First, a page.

I was lucky enough in timing my arrival here to witness Canada’s first legal 4/20 celebration, as thousands headed to Parc Mont Royal in a plume of smoke, and my new housemates Mo & Mike kindly invited me in on their hang with some home-made hip-hop. It’s only now becoming normal for me to see people busting out grinders at restaurant tables, and to see weed branded like beer or artisanal chocolate. There’s a lot of issues to overcome still, so check out Netflix’s The Grass is Greener for some enlightenment on the whitewashing of the legal cannabis economy, stealing deserved representation and profits from those ethnic groups previously persecuted by the drug’s legislation.
As other viewing habits go, to balance out some of my art-housey viewing of the past month, I treated myself to an opening night trip to watch Avengers: Endgame at the multiplex around the corner from me. While I won’t discuss the plot, I have to say that watching it with a more Americanised audience who whooped, cheered and applauded throughout really heightened my enjoyment of this finale to 10 years’ worth of films which Marvel impossibly managed to make live up to the hype. I wolf-whistled Chris’s Evans, Hemsworth & Pratt with the best of them, and bizarrely choked up at a clunky but undeniably awesome feminist hero set piece.
My incessantly chatting my way around the city paid dividends this week in the form of some actual parties. A very familiar pub “leaving party” piss-up let off some steam, but earlier that night I attended an informal birthday dinner for a friend of a friend, during which the main event of the party would be ‘story telling’…My vicious teenage cynicism having only been enhanced by half a decade living in what must be the judgement capital of the world, I would have rolled my eyes hard two months ago, but my new adventure mindset paid off as I was warmly welcomed into a room of the most charming, engaging people (on whom I road-tested an IPA and carrot cake pairing I intend to use later) and when it came to the Graham Norton big red chair style anecdotes, every one was impossibly hilarious and often had a potent message at the denouement. I’m very glad I went. At the other end of the spectrum, I also engaged in a fairly grimy post-work night out at a bar with an actual skate park in it – a cash-and-cans-of-Coors-Lite-only kind of dive club, where I had fun, but since having been explained the venue’s atrocious sexual assault history, I won’t be going back.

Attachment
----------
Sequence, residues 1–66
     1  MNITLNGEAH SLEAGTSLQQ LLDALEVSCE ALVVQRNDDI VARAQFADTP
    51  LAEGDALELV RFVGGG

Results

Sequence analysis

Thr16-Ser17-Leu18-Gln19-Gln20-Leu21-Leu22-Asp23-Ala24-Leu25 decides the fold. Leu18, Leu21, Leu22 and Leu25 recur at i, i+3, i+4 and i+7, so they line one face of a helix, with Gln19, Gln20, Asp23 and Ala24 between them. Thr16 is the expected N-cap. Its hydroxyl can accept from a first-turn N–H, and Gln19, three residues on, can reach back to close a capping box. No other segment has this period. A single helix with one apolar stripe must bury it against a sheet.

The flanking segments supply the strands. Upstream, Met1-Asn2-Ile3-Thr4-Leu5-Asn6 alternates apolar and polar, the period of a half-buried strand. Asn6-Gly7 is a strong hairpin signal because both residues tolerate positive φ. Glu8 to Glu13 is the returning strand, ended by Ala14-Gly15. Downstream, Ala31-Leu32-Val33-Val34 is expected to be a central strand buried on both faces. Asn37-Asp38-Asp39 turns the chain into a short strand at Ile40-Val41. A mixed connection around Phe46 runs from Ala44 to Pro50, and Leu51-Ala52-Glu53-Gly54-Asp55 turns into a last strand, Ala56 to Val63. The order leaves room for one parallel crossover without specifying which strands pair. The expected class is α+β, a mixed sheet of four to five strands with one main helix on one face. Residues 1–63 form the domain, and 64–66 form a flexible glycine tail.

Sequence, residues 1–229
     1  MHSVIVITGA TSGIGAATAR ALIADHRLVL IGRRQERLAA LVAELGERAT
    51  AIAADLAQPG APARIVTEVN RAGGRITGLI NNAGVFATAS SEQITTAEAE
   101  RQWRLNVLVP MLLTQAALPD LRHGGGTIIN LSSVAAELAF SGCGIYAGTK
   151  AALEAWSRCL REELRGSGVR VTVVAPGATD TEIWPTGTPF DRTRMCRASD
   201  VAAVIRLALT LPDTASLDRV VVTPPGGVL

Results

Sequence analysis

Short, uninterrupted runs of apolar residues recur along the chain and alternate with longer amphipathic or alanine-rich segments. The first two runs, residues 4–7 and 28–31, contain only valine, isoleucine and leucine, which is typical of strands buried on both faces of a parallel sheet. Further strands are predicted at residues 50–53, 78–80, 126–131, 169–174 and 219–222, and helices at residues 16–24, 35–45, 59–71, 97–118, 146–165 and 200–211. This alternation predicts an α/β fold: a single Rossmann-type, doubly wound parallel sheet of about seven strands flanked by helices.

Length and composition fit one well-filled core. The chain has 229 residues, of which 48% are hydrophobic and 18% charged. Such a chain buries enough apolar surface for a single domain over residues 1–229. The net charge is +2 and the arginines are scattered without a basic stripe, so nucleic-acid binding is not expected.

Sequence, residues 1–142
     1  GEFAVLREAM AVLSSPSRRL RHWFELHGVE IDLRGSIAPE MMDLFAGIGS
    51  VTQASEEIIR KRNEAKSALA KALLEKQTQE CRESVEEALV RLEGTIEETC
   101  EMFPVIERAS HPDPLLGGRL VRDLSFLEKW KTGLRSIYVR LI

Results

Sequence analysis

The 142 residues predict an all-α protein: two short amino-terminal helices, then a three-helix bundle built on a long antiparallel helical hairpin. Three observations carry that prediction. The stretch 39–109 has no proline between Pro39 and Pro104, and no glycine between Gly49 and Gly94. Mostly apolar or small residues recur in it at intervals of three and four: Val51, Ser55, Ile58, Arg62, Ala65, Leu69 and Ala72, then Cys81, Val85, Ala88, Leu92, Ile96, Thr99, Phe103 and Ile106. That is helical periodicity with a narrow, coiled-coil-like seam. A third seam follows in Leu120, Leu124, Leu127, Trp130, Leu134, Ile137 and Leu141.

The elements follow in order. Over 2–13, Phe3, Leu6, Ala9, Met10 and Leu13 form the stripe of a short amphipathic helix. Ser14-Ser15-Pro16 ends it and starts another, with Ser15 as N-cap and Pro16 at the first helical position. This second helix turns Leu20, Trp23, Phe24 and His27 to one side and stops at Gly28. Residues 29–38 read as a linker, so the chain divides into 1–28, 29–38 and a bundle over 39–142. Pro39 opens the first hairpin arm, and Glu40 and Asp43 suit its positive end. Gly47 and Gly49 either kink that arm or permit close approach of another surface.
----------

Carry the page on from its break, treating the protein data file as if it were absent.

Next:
As far as crafty beer venues go, I’m continuing to work my way around the ‘cinq a sept’ busy post work slots across the neighbourhoods. Boswell at the north end of Ave. Mont Royal had a pleasant family-friendly atmosphere given the chic, modern décor, and their ‘Binette XXX’ Funky Tripel was probably to pick of my flight, following some middle of the road IPAs. Espace Public came highly recommended and while the entertaining, borderline too cool for school barman (I realise the hypocrisy as I’ve gone all curly mopped, hoop-earringed craft beer ‘connoisseur’, but it was time for a change) liberally dished out tasters some fairly whacky product, - ‘Dreamsicle Sour Farmhouse Orange IPA’ doing way to much in my mouth for comfort - their ‘P’tit Dej Oatmeal Breakfast Stout’ hit the spot and kept me there beyond happy hour.